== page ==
To read, follow the link.
Title: What is the ‘Alternative’? Insights from Istanbul’s food networks
Abstract: Outside of the Global North, where agri-food systems have not yet consolidated into a ‘funnel shape,’ what makes an urban provisioning actor ‘alternative’ is not always clear. In this paper, I use members’ own definitions, emphases, and arguments to differentiate ‘alternative’ networks from other provisioning actors. Using data from semi-structured interviews, I show that while community-building and an affiliation with the food movement (broadly defined) are the most critical features identified by people who participate in these networks, more informal, ad hoc, familial or village networks that are utilized as a response to urban food insecurity are excluded. While such exclusions may not be unique, in this case, they reflect more fundamental divisions regarding what ‘alternative’ implies and how to challenge the throttling hold of conventional provisioning agents on the contemporary agri-food system.
I was the guest for Ozan Zeybek & Hilal Alkan’s Havadan Sudan podcast. We talked about a whole bunch of things – food, politics, gastronomy, Istanbul, neoliberalism. Find the episode below. Happy listening!
I will be speaking on Feeding Istanbul for the Food Group of Birkbeck Institute for Social Research.
Registration is open for those who want to listen, and I think a recording will be made available later on as well.
Here is a link to the event page
Looking forward to seeing you all there!!
When: 29 June 2021, 18:00 — 19:30
Feeding Istanbul: The Political Economy of Urban Provisioning
Tracing how the sovereign’s duty to provision the city and protect his subjects from hunger was gradually transferred to the market and became a responsibility of the subjects (later, citizens) alone, Feeding Istanbul makes a compelling case for situating food politics, and politics of urban provisioning in particular, at the centre of the way we think about the relationship between the sovereign and the political community.
For those of you who might be interested, I will be discussing biopolitics, neoliberalism and right to subsistence/right to food.
For those of you who want to watch, here is my talk with SGDD – ASAM on Migration and Food:
>>> Second of a three-piece series on food banks in Istanbul/Turkey just came out in Food, Culture & Society. In this one, I discuss how the aid-recipients are constantly categorized and re-categorized, measured against a sense of ‘appropriateness’ that the food bank staff seems to perpetuate with regards to who should receive aid (and who shouldn’t). It is dark and depressing stuff – particularly since it lays out clearly various surveillance, control and categorization mechanisms and tools applicants and aid-recipients have to deal with daily.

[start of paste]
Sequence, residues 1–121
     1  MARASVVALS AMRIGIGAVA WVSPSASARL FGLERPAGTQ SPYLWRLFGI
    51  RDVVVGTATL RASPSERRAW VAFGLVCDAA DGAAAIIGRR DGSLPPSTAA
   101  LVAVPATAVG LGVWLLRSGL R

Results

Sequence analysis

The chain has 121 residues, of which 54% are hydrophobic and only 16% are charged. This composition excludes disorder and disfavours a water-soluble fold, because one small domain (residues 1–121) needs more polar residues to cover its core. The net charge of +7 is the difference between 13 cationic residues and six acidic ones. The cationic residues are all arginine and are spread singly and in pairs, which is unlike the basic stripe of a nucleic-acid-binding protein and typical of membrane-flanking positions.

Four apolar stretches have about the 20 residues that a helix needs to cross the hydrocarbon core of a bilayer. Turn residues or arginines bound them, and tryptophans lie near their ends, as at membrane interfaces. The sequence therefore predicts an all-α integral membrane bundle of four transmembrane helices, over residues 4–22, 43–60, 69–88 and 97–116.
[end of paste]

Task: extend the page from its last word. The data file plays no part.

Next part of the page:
To read, follow the link
Title: Who is “deserving” of aid? Subject-formation in Istanbul’s food banks
Abstract: This paper focuses on how the food banks, in working to allocate resources appropriately, constantly generate appropriate subjects, the “deserving poor”, and through processes of identification and verification, unmask the “undeserving poor”. The paper argues that process of identification, which includes practices of identification, registration, and documentation, push the applicants to self-identify and self-register as “the poor”. Next, process of verification, which includes practices of categorization, surveillance, and verification, divide the applicants into “deserving” and “undeserving”. While the “deserving poor” become the recipients of food aid from the food banks, the “undeserving” are characterized as lazy, greedy, and cunning and attempting to claim more than what they are entitled to. Even though the recipients resist this categorization, the separation is maintained to ensure that the aid is allocated appropriately. What is appropriate, however, is closely related to who is appropriate, which, in turn, is dependent upon who the food bank staff prioritize in terms of age, ethnicity, gender, employment, and marriage status. As such, not only some experiences of poverty and food insecurity are recognized as public problems, but also associations of reproductive and productive labor, public and domestic realm with specific gender roles and identities are reinforced.
I am going to be talking to Asli Aksoy of Eli Belinde Tarim about her experiences as a woman entrepreneur in agriculture. Looking forward to the conversation! – particularly to hearing about her journey to the top as Turkey’s premium asparagus grower! Come join us for this amazing talk today (March 9th, 2021) at 3.40 PM on Zoom!!
I did an interview with the Turkish daily Birgün on the effects of the pandemic on the food supply chains and urban provisioning. A bit depressing, but well worth the read.